Which brings me back to the Mount Holly case, which court watchers will tell you was about answering the Question Presented:  “Are disparate impact claims cognizable under the Fair Housing Act?”  But it was also about (or, instead, really about) where the residents of the former Mt. Holly Gardens would live in the aftermath of a long and controversial effort to redevelop their neighborhood into a community where they could not possibly hope to buy or rent homes.

Why did it settle?  Certainly not because the interest groups aligned on either side of the issue suddenly became disinterested. In one of the few pieces discussing the details of the actual settlement (instead of its political or jurisprudential ramifications), MSNBC’s Adam Sherwer reports that the settlement was the result of a local election in which the township voted in pro-settlement councilmembers, who subsequently made good on their promise.  (Perhaps there is a civics lesson about checks-and-balances in here, too….)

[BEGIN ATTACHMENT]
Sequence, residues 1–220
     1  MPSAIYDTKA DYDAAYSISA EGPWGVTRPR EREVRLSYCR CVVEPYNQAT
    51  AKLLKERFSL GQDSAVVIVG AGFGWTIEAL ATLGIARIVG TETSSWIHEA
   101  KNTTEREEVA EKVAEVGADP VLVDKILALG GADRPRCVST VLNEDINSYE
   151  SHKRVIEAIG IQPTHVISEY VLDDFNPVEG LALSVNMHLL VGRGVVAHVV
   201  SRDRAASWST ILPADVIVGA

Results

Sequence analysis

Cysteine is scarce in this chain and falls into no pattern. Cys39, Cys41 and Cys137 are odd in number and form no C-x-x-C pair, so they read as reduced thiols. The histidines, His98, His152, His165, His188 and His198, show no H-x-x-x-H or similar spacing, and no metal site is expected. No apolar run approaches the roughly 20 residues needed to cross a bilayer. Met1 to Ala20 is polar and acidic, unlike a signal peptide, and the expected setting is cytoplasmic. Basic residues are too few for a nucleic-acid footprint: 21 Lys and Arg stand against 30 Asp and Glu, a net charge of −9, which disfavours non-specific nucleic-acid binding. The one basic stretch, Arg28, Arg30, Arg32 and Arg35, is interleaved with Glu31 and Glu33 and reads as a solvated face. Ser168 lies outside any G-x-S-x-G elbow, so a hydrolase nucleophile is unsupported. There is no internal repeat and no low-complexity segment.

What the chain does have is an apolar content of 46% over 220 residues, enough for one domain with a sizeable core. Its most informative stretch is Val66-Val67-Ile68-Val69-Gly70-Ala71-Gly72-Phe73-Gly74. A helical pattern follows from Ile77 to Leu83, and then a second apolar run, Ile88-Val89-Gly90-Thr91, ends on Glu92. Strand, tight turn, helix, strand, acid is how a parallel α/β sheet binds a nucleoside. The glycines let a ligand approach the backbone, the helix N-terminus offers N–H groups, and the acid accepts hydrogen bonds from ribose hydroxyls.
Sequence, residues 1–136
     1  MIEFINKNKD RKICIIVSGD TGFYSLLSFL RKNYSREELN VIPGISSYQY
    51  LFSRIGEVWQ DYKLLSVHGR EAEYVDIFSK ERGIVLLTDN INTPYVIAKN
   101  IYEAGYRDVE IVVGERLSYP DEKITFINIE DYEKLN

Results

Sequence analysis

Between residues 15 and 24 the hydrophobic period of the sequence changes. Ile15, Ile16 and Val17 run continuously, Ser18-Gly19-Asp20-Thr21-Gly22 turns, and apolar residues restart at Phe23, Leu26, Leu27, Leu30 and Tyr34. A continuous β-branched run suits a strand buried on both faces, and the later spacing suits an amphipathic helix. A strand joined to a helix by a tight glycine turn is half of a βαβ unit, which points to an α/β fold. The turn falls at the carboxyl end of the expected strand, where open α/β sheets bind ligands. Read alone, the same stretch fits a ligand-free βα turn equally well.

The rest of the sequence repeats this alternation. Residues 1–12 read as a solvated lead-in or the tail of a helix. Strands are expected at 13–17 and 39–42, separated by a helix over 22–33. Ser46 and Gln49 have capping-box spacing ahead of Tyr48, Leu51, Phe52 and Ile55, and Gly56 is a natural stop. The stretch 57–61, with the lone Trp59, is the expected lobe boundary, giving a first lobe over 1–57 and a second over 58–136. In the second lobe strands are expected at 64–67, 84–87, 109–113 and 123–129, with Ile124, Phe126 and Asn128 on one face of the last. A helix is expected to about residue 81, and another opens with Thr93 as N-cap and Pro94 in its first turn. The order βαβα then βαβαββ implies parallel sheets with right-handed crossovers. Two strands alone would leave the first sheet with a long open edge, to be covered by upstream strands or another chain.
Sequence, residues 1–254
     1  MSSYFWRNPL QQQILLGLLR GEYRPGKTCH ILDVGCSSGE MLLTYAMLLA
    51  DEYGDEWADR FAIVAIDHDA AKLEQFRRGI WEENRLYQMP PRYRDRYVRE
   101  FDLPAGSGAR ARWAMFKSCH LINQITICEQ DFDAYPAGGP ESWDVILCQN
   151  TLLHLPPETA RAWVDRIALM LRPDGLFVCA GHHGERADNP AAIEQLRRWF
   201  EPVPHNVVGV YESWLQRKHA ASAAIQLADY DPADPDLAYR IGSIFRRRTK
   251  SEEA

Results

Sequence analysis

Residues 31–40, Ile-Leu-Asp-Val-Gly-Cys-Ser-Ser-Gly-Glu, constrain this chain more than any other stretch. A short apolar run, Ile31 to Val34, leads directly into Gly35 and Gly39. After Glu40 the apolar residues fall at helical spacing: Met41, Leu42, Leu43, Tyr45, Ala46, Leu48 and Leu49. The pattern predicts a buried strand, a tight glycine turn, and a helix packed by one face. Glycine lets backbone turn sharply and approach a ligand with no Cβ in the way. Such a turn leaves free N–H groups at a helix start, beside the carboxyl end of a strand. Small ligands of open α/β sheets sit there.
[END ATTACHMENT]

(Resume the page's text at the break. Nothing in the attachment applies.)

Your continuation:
Sherwer reports that, under the terms of the settlement, “the township will compensate the residents who want to leave and provide new homes for those who want to stay.”

It’s possible to overemphasize the parties, to be sure.  Many a lawyer who sat through Professor Charles Whitebread’s bar exam prep lecture remembers his mother’s thoughts on the passing of Ernesto Miranda. (He is the unnamed law professor at the start of this article from Philly.com, which recounts the punchline.)  And, as the Daily Writ points out, litigants often file “test cases” in federal district courts specifically in the hopes of making it all the way to the Supreme Court to test the legality of controversial laws.  But there will always be a herd of pundits and experts to focus on the broader implications and ramifications of each decision our Supreme Court renders.  In fact, we assiduously and carefully do it ourselves in each Bulletin because finality and uniformity are, by design, twin features that make the Supreme Court both unique and very, very important to our form of government.  Its rulings affect not only the litigants, but everyone who must now conform their behavior to the Court’s interpretation of what the law means.

But today, the day the parties were to argue Mount Holly, it seems appropriate to take a moment to look past the role of the Supreme Court as the last word in interpreting the law and to remember that, like all American courts, it hears real cases about real people with real problems.